Persuasion, The Many Saints of Newark, Venom: Let There Be Carnage
I’m sort of new to Bedlam, a theater company whose agenda seems to be put a contemporary spin on classic works, with one of their most successful shows being Jane Austen’s “Sense and Sensibility” from a few years back, which I didn’t see. Their current show is an adaptation of another Austen novel, “Persuasion,” and the production seems to have the same humor and irreverence as their mandate, but still in keeping with the integrity and spirit of the original novel (which I must confess wasn’t evident in some recent Bedlam shows like “Peter Pan” and “Uncle Romeo Vanya Juliet”). Standout actors include Arielle Yoder, as our easily persuadable heroine, Anne Elliot, who mostly has to keep a straight face during the clowning of the rest of the cast, and Jamie Smithson, who is the clown most responsible for these laughs. There are some odd choices here and there (the sheep?) but overall, this is a fine and fun look at one of Austen’s lesser-known novels.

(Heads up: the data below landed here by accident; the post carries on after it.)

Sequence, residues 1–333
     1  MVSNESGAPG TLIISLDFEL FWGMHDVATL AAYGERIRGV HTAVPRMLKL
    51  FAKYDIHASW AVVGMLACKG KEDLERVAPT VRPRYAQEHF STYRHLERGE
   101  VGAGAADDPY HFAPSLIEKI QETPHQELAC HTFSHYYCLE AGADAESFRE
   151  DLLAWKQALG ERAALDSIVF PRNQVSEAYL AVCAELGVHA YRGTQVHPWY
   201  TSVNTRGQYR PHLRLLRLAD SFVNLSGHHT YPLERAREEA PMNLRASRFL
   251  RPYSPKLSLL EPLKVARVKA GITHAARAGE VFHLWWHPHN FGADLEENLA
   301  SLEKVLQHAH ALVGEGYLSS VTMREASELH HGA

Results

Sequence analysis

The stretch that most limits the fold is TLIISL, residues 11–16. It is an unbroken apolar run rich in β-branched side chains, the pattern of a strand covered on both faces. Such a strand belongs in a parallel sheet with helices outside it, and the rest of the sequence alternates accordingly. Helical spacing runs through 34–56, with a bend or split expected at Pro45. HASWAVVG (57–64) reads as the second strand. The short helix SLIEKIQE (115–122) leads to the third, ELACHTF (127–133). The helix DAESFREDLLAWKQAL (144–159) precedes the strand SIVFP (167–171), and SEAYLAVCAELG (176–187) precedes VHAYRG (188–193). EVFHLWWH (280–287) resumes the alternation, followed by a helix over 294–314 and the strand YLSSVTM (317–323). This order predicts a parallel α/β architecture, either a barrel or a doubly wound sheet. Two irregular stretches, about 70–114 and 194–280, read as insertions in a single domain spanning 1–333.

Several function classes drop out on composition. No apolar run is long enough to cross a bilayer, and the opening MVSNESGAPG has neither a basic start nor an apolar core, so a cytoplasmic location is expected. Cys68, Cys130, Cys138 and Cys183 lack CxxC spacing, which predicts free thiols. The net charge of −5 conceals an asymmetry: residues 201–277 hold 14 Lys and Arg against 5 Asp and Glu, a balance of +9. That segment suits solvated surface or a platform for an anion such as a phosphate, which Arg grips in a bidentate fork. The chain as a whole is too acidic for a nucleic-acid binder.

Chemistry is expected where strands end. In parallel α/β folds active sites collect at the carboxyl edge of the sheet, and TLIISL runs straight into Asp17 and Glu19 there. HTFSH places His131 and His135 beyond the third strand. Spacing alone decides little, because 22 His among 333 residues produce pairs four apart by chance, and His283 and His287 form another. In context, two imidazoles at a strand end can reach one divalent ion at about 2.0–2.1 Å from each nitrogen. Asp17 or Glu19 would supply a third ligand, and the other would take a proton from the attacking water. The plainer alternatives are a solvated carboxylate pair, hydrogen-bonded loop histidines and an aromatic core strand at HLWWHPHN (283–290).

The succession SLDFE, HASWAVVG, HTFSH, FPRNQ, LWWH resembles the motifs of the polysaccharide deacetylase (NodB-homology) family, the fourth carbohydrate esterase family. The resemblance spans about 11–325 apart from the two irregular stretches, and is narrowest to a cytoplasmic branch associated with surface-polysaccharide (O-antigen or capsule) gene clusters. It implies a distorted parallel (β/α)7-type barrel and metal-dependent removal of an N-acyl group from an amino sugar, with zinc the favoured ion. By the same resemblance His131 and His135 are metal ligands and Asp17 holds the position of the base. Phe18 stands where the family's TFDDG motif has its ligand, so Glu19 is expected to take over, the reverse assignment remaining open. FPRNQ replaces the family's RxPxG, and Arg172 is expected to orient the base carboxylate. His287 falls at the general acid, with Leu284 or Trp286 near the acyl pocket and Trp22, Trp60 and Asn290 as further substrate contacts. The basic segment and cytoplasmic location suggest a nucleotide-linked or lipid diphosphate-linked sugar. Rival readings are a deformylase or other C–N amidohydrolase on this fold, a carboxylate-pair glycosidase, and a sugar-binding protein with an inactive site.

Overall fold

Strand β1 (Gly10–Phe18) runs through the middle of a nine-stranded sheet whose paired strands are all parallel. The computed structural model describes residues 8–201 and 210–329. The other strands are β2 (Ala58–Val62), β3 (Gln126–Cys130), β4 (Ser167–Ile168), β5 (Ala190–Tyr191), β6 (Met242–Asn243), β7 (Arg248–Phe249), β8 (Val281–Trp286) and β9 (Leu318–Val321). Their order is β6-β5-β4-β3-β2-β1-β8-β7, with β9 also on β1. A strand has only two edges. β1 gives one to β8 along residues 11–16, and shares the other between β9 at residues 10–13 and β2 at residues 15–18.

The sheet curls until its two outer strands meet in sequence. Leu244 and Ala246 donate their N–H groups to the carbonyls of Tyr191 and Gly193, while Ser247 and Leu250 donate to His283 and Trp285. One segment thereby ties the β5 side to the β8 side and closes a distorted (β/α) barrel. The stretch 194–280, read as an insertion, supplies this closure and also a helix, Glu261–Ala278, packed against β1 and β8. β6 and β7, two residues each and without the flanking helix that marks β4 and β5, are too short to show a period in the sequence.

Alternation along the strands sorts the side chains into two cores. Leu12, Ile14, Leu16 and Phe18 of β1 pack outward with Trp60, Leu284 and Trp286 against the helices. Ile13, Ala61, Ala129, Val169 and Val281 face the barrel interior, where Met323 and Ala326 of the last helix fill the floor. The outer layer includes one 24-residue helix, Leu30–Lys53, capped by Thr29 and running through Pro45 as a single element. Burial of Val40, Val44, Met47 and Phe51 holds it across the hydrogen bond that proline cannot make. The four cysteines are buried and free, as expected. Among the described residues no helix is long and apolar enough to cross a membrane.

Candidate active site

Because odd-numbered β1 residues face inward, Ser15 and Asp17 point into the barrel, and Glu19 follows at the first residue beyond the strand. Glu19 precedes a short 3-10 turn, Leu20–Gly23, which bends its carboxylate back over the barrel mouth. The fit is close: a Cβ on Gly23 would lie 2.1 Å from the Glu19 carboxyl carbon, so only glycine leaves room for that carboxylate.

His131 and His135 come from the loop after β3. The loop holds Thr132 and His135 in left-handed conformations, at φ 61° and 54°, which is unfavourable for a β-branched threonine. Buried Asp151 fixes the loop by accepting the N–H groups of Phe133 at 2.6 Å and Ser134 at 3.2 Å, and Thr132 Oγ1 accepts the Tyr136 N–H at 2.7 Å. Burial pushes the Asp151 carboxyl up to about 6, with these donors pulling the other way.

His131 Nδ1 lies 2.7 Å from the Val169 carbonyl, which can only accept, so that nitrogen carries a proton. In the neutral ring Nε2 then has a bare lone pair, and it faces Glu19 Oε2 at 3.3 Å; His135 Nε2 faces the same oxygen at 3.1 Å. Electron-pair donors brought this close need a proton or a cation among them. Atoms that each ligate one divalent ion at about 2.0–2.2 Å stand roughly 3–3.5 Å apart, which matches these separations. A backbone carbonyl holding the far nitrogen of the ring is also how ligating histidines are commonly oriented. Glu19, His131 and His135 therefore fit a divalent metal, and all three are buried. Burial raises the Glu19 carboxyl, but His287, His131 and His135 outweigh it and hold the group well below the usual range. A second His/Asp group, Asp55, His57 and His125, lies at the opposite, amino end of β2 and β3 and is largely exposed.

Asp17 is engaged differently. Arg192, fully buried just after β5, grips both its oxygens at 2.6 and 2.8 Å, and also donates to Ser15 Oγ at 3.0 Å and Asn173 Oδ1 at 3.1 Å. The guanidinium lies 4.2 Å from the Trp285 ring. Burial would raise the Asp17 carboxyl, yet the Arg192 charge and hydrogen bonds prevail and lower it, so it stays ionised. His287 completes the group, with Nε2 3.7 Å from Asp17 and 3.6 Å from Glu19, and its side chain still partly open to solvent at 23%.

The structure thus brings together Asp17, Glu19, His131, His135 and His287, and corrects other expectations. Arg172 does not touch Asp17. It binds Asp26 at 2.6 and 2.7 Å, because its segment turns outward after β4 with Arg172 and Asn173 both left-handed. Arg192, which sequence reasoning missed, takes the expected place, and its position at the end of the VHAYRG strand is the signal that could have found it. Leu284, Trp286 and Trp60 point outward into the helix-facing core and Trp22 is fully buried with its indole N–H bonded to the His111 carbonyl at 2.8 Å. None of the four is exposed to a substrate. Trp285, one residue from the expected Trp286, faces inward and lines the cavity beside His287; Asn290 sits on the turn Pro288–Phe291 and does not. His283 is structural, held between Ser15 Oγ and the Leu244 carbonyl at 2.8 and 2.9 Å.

The Many Saints of Newark (c) Warner Bros
Film: The Many Saints of Newark
In cinemas and HBO Max
I have never seen a single episode of “The Sopranos,” and I’ve heard people query, would “The Many Saints of Newark” work without knowing a thing about the legendary show? I do know some things: Tony is the head of the mob and he goes to a psychiatrist. I know the actors who made their mark in the show, and I know the “Don’t Stop Believin’” of it all and that’s about it. I just don’t like mobster movies or TV shows because it’s always “same story, different ways of killing.” “Saints” doesn’t deviate from the usual mob tropes and thus the characters, and so I didn’t find the story really compelling. While the story makes sense for us few “Sopranos” virgins, there are way too many ancillary supporting characters, which I figure means more to the show’s fans. Alessandro Nivola finally gets to be the lead of a movie and his Dickie is pretty well drawn. The 1960s race riots in Newark provides the backdrop to the best parts of this movie, mostly seen through the eyes of Harold (Leslie Odom Jr.) but I couldn’t help but wonder: “How many African American characters were even in the pilot of ‘The Sopranos?’”
Venom (c) Sony Pictures